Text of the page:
World Bank wins $11 billion in pledges to boost lending for climate, global crises

By Thomson Reuters Apr 19, 2024 | 2:56 PM

By David Lawder and Christian Kraemer

WASHINGTON (Reuters) – The World Bank on Friday said that 11 countries have pledged to contribute over $11 billion to new hybrid capital and portfolio guarantee instruments designed to expand the bank’s financing capacity by $70 billion over a decade to tackle climate change, pandemics and other global challenges.

The voluntary contributions, announced at World Bank and International Monetary Fund spring meetings in Washington, form the largest single enhancement to the World Bank’s balance sheet since the U.S. and other shareholders expanded its mission beyond fighting poverty in 2022.

In April 2023, World Bank shareholders endorsed an increase in the bank’s leverage ratio to boost lending capacity by some $40 billion over 10 years. It also implemented an increase in bilateral guarantees that unlocks another $10 billion in financing over a decade.

Thus far, the World Bank said Belgium, France, Japan and the United States have pledged funds to the enhanced portfolio guarantee program, while Britain, Denmark, Germany, Italy, Latvia, the Netherlands, and Norway will contribute to the mechanism for hybrid capital, a debt-like instrument that can be used to back lending.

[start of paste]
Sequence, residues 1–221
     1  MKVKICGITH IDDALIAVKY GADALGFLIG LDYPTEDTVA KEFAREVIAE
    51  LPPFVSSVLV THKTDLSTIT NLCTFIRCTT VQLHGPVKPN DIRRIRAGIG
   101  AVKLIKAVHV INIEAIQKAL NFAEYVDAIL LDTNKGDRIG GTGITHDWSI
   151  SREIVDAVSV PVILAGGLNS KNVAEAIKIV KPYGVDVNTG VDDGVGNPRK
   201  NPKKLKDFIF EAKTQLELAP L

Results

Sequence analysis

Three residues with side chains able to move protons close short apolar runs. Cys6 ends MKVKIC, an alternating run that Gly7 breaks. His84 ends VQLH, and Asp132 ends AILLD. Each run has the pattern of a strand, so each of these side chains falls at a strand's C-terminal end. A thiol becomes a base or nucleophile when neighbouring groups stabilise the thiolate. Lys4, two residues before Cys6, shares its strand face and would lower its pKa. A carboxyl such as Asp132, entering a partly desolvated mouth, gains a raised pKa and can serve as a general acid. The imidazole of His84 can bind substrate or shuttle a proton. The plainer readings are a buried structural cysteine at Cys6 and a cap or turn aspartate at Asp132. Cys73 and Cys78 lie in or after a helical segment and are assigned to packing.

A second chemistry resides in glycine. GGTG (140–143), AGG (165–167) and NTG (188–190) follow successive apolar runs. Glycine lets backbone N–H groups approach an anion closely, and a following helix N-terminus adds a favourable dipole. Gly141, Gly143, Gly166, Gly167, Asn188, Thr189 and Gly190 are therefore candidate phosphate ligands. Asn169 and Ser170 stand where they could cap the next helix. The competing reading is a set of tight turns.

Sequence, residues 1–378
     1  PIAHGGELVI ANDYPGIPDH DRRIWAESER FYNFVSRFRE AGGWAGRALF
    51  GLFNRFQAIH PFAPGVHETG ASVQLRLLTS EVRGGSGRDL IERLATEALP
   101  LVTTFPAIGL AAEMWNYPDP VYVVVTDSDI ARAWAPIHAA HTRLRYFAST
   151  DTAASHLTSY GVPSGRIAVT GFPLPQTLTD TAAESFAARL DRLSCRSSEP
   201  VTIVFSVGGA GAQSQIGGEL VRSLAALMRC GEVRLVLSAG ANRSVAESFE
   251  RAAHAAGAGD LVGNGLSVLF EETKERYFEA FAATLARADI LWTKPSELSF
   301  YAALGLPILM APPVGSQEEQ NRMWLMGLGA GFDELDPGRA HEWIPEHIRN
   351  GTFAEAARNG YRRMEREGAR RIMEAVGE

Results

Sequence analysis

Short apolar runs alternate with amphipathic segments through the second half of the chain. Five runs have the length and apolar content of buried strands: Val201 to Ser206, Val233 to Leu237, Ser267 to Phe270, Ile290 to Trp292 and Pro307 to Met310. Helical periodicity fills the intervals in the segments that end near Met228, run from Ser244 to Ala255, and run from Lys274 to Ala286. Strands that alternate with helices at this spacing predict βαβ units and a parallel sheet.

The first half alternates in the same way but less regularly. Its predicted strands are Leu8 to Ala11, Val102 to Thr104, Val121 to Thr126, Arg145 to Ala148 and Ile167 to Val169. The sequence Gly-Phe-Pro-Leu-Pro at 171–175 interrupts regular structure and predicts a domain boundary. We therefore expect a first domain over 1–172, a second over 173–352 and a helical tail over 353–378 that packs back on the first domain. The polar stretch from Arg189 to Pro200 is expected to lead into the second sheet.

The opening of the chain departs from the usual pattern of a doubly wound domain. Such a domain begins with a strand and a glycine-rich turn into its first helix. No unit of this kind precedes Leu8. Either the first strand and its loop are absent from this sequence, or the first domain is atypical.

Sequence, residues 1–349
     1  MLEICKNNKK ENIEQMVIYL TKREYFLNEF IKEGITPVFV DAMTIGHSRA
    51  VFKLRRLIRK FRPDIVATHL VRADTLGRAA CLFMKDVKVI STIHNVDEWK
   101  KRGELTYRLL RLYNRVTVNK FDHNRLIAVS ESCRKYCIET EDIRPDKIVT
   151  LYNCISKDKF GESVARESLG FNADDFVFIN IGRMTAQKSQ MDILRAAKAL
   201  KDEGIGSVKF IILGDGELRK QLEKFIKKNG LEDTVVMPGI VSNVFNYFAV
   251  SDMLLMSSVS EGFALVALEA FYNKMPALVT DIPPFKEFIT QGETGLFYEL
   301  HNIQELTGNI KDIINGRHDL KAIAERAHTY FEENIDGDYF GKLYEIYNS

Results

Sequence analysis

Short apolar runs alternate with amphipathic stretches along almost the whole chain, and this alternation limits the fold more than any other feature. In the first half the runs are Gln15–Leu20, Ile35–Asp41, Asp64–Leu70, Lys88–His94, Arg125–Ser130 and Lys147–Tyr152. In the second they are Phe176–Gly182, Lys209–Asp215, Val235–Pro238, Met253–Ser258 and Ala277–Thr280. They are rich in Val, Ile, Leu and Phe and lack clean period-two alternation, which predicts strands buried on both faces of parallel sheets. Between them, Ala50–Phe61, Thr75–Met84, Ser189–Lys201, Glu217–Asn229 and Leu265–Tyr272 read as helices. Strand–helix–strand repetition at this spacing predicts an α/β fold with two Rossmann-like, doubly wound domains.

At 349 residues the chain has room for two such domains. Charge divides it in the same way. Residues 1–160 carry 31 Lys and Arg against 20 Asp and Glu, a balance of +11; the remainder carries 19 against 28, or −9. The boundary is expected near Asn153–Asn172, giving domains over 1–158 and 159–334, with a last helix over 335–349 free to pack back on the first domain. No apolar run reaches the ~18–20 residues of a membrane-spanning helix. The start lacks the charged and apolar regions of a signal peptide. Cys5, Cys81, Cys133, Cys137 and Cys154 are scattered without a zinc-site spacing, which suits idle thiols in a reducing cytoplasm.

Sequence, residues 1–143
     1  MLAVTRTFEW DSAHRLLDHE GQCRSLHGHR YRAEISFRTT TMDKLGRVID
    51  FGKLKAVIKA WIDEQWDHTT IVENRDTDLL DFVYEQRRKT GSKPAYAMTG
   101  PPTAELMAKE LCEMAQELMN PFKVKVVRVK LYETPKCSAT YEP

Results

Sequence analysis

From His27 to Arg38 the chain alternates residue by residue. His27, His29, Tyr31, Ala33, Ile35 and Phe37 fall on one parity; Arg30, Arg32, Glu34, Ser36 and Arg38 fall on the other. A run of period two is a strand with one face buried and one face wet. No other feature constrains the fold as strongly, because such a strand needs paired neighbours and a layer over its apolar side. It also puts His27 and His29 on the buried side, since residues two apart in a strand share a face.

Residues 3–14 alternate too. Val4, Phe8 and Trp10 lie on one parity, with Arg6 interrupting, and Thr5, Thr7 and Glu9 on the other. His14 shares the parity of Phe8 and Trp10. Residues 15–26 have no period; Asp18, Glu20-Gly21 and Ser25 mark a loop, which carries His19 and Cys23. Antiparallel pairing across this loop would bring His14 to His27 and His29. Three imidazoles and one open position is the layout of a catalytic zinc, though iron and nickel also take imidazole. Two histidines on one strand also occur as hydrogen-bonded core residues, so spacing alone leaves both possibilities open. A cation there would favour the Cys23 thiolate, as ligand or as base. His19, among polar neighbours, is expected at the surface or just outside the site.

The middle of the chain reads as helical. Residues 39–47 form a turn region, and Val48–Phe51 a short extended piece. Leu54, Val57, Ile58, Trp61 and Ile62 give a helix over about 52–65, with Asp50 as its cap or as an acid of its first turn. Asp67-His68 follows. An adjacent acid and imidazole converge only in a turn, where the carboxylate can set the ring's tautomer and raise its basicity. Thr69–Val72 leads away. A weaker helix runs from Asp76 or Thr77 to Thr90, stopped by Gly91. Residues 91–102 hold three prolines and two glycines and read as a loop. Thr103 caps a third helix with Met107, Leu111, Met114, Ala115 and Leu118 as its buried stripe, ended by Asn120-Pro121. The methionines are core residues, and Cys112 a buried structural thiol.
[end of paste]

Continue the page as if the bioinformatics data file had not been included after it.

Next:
In addition, Japan is the first contributor to a new “Livable Planet Fund” designed to capture contributions from governments, philanthropies and the private sector to help finance projects from energy transition investments to healthcare delivery.

The fund is named after the bank’s new, expanded mission statement, “to create a world free of poverty on a livable planet,” endorsed last year to partly reflect its climate finance role.

German Development Minister Svenja Schulze, who first broke the news of the contribution pledges, said that further expansion of the bank’s lending capacity were needed because the needs of poor countries would continue to grow.

The World Bank’s “reform will not stop here,” she told reporters.

(Reporting by Christian Kraemer; Writing by David Lawder; Editing by Chris Reese and Andrea Ricci)